The Senate commerce committee has asked Whisper to address a report that said the social media app, which promises user anonymity, tracked its users including those who opted out of its geolocation tool.
Sen. Jay Rockefeller (D-W.Va.), who chairs the committee, requested the briefing with Whisper’s Chief Executive Michael Heyward, saying he has made consumer privacy a “top priority.”
“I take this matter seriously,” Rockefeller said in a statement.
Heyward offered the following response: “We share the Senator's interest in protecting consumer privacy and will respond shortly. Though we disagree with the Guardian’s reporting, we welcome the discussion and opportunity to correct the record.”
The Guardian last Thursday reported the Santa Monica startup was actively keeping tabs on the locations of where users posted information and stored data such as names, phone numbers and email addresses. Whisper is also accused of changing its terms and conditions days after it learned of the planned report.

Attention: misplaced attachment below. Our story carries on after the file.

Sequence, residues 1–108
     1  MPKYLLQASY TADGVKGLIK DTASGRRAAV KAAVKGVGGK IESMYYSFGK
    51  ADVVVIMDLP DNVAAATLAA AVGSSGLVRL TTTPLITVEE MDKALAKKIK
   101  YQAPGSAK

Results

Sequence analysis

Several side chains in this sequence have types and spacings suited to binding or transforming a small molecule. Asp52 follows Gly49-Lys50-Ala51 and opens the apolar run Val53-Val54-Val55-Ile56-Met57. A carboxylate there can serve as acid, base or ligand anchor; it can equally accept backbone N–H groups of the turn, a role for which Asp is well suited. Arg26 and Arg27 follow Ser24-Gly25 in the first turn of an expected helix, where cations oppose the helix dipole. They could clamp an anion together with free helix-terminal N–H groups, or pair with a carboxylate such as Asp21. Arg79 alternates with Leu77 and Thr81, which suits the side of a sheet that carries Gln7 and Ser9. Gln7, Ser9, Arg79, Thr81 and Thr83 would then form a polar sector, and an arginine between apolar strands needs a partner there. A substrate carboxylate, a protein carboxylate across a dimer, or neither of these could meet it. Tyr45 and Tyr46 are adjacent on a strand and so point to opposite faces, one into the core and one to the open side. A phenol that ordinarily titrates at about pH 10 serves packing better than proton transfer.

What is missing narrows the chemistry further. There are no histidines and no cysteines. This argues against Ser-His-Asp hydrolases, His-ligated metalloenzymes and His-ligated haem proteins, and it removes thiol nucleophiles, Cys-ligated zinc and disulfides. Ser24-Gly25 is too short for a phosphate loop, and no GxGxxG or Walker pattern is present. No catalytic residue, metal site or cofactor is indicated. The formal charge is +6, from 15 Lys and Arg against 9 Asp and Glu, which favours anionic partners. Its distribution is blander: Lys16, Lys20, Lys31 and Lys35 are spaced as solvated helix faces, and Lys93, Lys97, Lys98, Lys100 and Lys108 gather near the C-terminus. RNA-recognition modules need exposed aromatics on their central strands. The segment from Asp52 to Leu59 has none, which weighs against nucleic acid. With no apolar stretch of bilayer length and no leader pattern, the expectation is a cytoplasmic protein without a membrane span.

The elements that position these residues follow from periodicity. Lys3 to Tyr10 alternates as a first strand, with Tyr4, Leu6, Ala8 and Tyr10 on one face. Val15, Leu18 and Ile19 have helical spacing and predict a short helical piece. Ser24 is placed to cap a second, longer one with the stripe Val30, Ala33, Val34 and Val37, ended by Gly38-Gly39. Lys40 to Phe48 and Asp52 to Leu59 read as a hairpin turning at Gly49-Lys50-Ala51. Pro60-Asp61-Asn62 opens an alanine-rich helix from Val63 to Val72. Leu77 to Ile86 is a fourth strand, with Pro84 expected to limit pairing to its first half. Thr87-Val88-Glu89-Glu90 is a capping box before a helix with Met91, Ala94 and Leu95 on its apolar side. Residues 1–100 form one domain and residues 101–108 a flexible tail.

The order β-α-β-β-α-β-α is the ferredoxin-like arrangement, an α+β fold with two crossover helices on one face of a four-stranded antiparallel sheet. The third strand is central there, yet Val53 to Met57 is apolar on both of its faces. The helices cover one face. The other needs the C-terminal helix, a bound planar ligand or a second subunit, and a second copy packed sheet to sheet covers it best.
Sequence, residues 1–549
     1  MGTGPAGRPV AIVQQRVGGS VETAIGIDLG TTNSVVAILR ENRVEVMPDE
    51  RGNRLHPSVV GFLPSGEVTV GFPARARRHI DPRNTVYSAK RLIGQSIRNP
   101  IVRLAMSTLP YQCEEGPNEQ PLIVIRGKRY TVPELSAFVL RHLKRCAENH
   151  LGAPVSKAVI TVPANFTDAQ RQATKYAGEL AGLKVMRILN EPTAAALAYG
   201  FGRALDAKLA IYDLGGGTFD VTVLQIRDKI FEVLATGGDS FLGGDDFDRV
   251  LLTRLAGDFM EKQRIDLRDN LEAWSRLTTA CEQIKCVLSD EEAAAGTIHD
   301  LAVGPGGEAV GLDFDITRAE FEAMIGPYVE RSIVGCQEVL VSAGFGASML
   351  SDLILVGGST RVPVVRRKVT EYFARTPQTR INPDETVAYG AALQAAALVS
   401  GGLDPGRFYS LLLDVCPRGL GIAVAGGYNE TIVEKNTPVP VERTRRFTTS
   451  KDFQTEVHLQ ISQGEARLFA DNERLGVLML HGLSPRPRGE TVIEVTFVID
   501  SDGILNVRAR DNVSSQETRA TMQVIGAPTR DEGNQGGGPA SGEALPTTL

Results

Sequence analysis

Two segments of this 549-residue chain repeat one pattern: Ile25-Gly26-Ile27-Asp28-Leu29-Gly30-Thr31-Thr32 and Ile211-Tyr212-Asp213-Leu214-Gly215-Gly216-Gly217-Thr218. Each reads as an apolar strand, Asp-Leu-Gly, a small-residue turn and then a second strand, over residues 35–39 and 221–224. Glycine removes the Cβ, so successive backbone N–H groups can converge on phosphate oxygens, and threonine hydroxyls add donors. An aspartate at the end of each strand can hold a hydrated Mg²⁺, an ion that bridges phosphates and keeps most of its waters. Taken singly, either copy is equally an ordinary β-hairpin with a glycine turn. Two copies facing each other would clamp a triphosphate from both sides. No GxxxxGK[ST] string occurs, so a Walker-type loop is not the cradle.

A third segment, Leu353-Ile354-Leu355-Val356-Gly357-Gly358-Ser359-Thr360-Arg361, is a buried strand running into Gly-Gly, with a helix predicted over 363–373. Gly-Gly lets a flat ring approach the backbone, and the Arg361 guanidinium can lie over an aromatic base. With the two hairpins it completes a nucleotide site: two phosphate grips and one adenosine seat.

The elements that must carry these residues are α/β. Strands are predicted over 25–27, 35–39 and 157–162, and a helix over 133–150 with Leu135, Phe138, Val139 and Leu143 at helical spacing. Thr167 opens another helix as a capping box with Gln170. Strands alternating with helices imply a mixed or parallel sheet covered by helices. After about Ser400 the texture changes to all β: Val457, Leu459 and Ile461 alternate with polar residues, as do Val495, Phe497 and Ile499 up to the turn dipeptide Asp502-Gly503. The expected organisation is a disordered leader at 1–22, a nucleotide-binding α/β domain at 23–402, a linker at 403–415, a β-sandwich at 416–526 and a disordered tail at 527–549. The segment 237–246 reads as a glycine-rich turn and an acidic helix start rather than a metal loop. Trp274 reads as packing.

Those allegations have now prompted a federal query into whether Whisper tracks, stores and shares user information and whether it changed its privacy and data security policies without notifying users.
The Guardian said it learned of Whisper’s practices during a tour of its headquarters while exploring a possible journalistic partnership. The U.K. outlet has since ended its relationship with the startup. BuzzFeed, Huffington Post and cable channel Fusion have also dropped their Whisper collaborations.
“It is questionable, at best, whether users seeking to post anonymously on the ‘safest place on the Internet’ would expect that WhisperText has information sharing relationships with third parties such as media organizations,” Rockefeller said.
Whisper has denied the Guardian’s allegations. Editor-in-Chief Neetzan Zimmerman took to Twitter hours after the Guardian report was published to defend the app. Heyward also penned a blog post that maintained the startup’s dedication to protecting users’ privacy.
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